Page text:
Liverpool Archdiocese has three exciting opportunities in its new Pastoral Development Dep

Why did he or she live so generously in service of their Lord and His people?’

Cath Pic Jubilee Issue-1
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News from around the Archdiocese of Liverpool

LIVERPOOL CATHEDRAL CELEBRATING 50 YEARS

- A LOOK BACK AT OUR COMMEMORATIVE ISSUE

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Because we celebrated Easter relatively late this year, this whole month of May is spent in Eastertide and so we will be getting used to the return of the Alleluia, the singing of the Praise of the Lord for His good gifts.


We continue in this season to read from the Acts of the Apostles, which is almost the ‘what happened next’ after the events of that momentous Passover weekend in Jerusalem.


The proclamation of the Risen Christ – ‘Why look among the dead for one who is alive? (Luke 24:5) – leads to the various ways in which individuals and communities translate that proclamation into their everyday living. What difference does it make to proclaim the death and resurrection of Jesus for the way in which we live our lives? Or – to bring it even closer to home – for how I live my life.


On 25 May we in the seminary keep the feast of the Venerable Bede, our patronal feast. It is a case of seeing how this Benedictine Monk of Northumbria, who lived some 1,400 years ago, can both inspire and guide us today in our Christian living.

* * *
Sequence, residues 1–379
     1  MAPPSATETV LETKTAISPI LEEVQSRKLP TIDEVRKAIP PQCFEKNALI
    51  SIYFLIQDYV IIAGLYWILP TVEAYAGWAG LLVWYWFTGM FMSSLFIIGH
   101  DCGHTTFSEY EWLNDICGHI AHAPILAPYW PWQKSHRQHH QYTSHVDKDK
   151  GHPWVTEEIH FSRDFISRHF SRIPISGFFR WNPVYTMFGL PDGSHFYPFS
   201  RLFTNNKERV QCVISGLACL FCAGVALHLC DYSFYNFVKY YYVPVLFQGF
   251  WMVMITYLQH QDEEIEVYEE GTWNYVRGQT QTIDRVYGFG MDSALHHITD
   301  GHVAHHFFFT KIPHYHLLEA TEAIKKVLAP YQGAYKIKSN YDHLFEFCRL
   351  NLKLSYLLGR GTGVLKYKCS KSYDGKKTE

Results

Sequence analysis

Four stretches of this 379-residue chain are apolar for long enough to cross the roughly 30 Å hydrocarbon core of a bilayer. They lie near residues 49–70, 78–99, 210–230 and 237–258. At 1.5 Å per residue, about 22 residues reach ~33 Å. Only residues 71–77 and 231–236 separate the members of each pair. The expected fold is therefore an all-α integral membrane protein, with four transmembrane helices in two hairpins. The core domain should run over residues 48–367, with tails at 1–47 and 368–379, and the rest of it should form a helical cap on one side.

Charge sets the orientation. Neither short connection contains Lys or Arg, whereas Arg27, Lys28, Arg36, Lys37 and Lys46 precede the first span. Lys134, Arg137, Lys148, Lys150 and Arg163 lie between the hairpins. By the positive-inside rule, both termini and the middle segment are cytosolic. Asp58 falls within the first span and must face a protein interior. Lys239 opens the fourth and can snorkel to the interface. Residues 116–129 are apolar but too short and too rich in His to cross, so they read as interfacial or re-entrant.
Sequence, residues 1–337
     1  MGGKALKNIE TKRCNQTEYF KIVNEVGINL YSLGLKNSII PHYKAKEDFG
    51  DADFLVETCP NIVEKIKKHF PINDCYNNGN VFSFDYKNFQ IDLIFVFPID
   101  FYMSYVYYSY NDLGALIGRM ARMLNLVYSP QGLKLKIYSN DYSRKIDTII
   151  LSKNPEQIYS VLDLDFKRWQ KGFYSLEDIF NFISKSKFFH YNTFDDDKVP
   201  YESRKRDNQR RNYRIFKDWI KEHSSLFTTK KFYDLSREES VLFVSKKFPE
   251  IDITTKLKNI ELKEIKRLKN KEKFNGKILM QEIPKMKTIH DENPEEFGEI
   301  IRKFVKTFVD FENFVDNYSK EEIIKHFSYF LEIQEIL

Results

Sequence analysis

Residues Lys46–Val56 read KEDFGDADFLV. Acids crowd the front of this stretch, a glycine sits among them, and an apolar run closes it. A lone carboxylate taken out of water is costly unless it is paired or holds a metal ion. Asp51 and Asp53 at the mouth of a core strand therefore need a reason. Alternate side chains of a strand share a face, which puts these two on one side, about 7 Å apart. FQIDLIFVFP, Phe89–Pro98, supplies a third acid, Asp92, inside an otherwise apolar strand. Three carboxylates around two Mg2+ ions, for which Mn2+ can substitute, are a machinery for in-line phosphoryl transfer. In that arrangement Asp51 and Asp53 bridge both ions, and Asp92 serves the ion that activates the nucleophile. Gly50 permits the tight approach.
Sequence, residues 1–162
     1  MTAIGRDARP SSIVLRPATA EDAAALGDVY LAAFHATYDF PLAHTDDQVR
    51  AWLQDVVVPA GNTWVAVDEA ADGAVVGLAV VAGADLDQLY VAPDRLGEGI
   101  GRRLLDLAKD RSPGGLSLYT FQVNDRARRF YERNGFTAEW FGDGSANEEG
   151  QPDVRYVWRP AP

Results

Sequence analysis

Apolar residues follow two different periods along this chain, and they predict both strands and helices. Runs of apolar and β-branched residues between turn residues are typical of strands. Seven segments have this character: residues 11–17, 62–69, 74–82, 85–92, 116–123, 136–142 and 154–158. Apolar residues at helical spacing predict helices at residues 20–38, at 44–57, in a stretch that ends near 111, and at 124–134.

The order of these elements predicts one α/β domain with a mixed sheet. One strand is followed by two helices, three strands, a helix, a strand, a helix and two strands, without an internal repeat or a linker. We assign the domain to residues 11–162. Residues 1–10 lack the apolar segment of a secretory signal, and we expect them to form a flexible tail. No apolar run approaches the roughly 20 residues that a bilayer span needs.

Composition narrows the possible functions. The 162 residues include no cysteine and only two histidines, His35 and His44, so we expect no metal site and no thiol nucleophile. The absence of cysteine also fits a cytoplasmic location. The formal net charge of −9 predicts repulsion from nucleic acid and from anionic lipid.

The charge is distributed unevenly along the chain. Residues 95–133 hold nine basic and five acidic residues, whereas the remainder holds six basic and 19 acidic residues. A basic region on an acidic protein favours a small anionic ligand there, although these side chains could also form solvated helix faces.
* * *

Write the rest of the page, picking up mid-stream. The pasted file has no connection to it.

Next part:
Bede lived all his life in the confines of a monastery and so there is a sense in which we can say, ‘I don’t live in a monastery so Bede has nothing to say to me’. That would be a mistake, I think. The experience of Christian disciples in all generations and in all periods of our tradition and history can and will teach us if we ask the question: ‘Why did he or she live so generously in service of their Lord and His people?’


The answer is simple – yet oh so difficult. Bede lived in this way because he thought that this was a good and fruitful and life-enhancing way of making use of the gifts with which he had been graced by God. He understood that his gifts – which, for Bede, meant a great intellect and a skill in languages – were not given simply for himself, but for the glory of God and the good of others. Bede translated this deep-seated gratitude for God’s goodness into a living witness, day in and day out, in the life of his monastic community.


If that was Bede, what about me? What about you? How can we translate our gratitude to God into whole-hearted and generous living in the service of the communities in which we live?
 

On a liturgical note

Gillespie